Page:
Trigger Warning: rape, sexual assault, femicide
A new UN survey has found that 97% of women age 18-24 in the UK have been sexually harassed.
Prosecutions and convictions of rape cases in Great Britain have more than halved from 2017-2020 according to the Guardian.
The Office of National Statistics revealed that two women die every week in the UK at the hands of a man.
There is a clear causal link between the criminal justice system’s continual failure to address sexual harassment and the rising rates of violence committed by men towards women in Great Britain.
Sarah Green, director of the End Violence Against Women coalition has stated ‘Today’s figures show starkly that we are right to say rape has been effectively decriminalised. What else can you call a 1 in 70 chance of prosecution.’
But hold on! We have a higher conviction rate than ever before, surely this will increase your faith in justice. Well actually, the reason we have a higher conviction rate is because of our lowered prosecution rate. And the reason for our lowered prosecution rate is because of a top-down order to only take rape cases which are guaranteed to get convictions. As reported by the Guardian in July 2020: ‘Two years ago, the Guardian revealed that in 2017 prosecutors in England and Wales had been advised in training seminars to put a ‘’touch on the tiller’’ and take a proportion of ‘’weak cases out of the system’’. The move would result in fewer prosecutions but a higher conviction rate. The conviction rate in 2016-2017 [the year before the order] was 57.6%, almost the lowest on record.’
Dame Vera Baird said in the same article: ‘there is no complexity in why rape prosecutions and convictions have crashed. It is a policy by CPS only to take only rock-solid prosecutions as set down in a CPS document in 2016-17 by the director of legal services and personally driven by him nationwide.’
Basically, what this means is that the CPS is more concerned with stat balancing than due process. And when rape culture like this is allowed to perpetuate in our society it is honestly no wonder that 97% of women under the age of 25 in the UK have been sexually harassed. And this plays into wider issues of the objectification of women which ultimately lead to devastating cases like Sarah Everard.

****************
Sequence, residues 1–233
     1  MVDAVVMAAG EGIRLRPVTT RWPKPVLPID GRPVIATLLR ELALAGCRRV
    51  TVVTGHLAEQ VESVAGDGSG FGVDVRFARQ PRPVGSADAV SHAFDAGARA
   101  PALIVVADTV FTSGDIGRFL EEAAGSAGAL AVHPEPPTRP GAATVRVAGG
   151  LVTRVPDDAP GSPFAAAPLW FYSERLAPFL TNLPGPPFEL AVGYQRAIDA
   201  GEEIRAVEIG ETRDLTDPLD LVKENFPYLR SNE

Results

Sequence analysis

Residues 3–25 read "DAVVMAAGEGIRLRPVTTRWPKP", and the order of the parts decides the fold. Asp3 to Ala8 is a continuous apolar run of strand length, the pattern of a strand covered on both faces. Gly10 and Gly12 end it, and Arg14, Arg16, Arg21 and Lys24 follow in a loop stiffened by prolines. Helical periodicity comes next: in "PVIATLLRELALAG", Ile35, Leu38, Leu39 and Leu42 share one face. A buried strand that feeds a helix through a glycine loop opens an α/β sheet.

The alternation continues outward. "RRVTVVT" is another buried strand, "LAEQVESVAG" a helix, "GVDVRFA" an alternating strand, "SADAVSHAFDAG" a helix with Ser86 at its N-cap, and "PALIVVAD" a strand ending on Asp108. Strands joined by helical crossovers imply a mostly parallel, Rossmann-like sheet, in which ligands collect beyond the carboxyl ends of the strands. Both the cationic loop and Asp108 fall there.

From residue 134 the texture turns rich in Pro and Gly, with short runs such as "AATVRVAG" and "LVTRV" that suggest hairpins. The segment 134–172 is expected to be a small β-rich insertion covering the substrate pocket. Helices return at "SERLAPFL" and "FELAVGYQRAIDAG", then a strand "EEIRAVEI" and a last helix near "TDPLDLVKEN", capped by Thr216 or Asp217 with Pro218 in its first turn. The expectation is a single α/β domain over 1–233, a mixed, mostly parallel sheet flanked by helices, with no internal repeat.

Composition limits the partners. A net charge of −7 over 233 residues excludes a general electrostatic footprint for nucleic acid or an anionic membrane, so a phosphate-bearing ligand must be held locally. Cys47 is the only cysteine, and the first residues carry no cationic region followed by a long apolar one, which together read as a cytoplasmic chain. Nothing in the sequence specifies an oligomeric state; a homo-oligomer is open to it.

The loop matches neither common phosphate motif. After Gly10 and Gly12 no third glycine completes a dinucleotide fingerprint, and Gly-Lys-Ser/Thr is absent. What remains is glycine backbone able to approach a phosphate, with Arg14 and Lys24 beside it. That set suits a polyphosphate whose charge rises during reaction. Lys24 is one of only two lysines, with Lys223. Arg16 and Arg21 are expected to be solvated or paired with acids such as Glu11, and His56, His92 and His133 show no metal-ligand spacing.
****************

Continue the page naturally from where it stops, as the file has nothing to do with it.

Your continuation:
Education which targets teaching girls how to be safe, rather than teaching boys the laws of consent. A rise in radical misogyny which is targeting young, lonely, boys on the internet. An ineffective justice system which blames survivors, putting them through a hideous process if they want even a hope at justice. The system is broken.
To see how systemic misogynistic violence is, one only has to look at how much worse the violence is for intersectional women:
– a report by the Scottish Transgender Alliance indicates that 80% of trans people have experienced abuse from a partner.
– the NIPSV survey in 2010 found that bisexual women are almost two times more likely to be abused than straight women.
– the Bureau of Justice statistics stated that African American women experience partner violence at a 35% higher rate than white American women.
– a Department of Justice study revealed over half of Native American women have been victims of sexual violence, and over 90% of assaults were committed by non-Native Americans.
– Vice disclosed that less than 5% of femicides in Mexico achieve a conviction, and according to the office of the UN High Commissioner for Human Rights from 2017-2020 the number of daily femicides in Mexico has increased from seven to 10.5, a number which is only rising higher in the pandemic.
I have used only North American and South American data to show violence against women of colour (WOC) because courtesy of the Huffington Post I found out that in the UK there is currently no specific data which correlates intersectional experiences with violence against women, because all data is grouped under the banner of BAME. This I believe fails to capture the nuances of different cultural backgrounds and the specific intersectional oppression that women of each individual culture will face, and further proves how at a systemic level there is a neglect over understanding the epidemic of violence against women in the UK (although recent Black Lives Matter funding will hopefully be a step towards change on this issue).
I think it’s clear to all the women who have been distraught by the Sarah Everard case this week that this is not just one bad man, this is not just one deeply horrifying case – this is a systemic issue, with no change coming.